The University Star retracts racist column amid nation-wide controversy

UPDATE (12.04.17): The Austin-Statesman is reporting that Texas State has formed a committee to review the procedures of The University Star.

The editorial board has not only apologized for running an opinion piece that has been called racist, they have declared the author will not be featured in the Texas State University newspaper again.

The original column is no longer available at The University Star webpage, but apparently can be found in the print edition.

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The move comes after the student body president Connor Clegg told KXAN he would seek to defund the newspaper if personnel changes are not made. In that piece he said “If the Star wishes to maintain its operations without student funding, they can do so like any other paper – by earning subscribers and selling more advertisements. There is no reason for over 39,000 students to be forced to invest their student fees towards this brand of journalism.”

It is unclear what steps Clegg would need to take to strip the paper of its university funding. According to reports he will meet with the editorial board tomorrow and announce some kind of action on Monday.

The author of the piece entitled “Your DNA is an abomination”, Rudy Martinez, told KXAN that he stands by his piece. “Let’s leave the racist attacks out of this. I don’t think my piece is racist at all. I don’t think colored people can be racist, I think racist attitudes come from a position of power,” he said.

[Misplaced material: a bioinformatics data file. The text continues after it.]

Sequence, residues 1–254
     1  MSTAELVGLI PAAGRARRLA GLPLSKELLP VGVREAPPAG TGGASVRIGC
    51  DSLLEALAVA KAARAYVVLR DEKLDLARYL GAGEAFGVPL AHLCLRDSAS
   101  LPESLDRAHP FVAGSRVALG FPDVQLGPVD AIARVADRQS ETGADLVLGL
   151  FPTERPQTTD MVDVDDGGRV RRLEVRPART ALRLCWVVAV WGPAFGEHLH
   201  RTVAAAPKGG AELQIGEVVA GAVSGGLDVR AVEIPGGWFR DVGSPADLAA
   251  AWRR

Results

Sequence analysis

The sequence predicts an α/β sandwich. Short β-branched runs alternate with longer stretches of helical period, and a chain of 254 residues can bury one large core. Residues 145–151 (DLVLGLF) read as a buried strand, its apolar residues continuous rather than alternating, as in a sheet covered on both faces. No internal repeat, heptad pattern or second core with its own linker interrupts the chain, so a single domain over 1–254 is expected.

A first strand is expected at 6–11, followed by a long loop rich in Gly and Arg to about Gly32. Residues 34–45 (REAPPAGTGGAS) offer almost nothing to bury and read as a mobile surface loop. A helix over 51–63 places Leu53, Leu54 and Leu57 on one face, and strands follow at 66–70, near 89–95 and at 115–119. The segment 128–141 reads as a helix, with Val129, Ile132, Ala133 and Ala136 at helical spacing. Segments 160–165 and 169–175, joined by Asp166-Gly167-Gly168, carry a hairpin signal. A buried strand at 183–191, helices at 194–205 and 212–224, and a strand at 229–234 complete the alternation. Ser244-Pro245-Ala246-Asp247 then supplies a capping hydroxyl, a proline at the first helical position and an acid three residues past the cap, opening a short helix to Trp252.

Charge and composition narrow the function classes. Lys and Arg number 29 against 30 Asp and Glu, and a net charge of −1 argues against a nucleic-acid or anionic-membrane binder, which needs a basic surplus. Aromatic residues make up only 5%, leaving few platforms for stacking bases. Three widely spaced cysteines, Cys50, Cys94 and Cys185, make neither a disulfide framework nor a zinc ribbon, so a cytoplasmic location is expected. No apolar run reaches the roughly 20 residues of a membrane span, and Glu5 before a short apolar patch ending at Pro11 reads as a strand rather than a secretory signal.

In addition to the concerns of the student body president, the university president, Denise M. Trauth, has also spoken against the piece in a Facebook post. “While I appreciate that the Star is a forum for students to freely express their opinions, I expect student editors to exercise good judgment in determining the content that they print,” Trauth said. “The Star’s editors have apologized for the column and are examining their editorial process.”

According to reports, Martinez’s piece included the following quotes:

“The idea of whiteness and the way we currently understand it in which you have white privilege, you have our system of mass incarceration, you have a history of slavery in this country followed by Jim Crow. Mass incarceration is the new Jim Crow. These are all ideas born out of whiteness; they were born out of the minds of white people. So that, I do see as an aberration,” Martinez told KXAN.

“When I think of all the white people I have ever encountered – whether they’ve been professors, peers, lovers, friend, police officers, et cetera – there is perhaps only a dozen I would consider ‘decent.’”

The piece concludes: “Whiteness will be over because we want it to be. And when it dies, there will be millions of cultural zombies aimlessly wandering across a vastly changed landscape. Ontologically speaking, white death will mean liberation for all… Until then, remember this: I hate you because you shouldn’t exist. You are both the dominant apparatus on the planet and the void in which all other cultures, upon meeting you, die.”

Not unexpectedly the column has been discussed on InfoWars, Breitbart and the Washington Examiner.

Interestingly enough, the tagline for The University Star is “Defending the First Amendment since 1911.”

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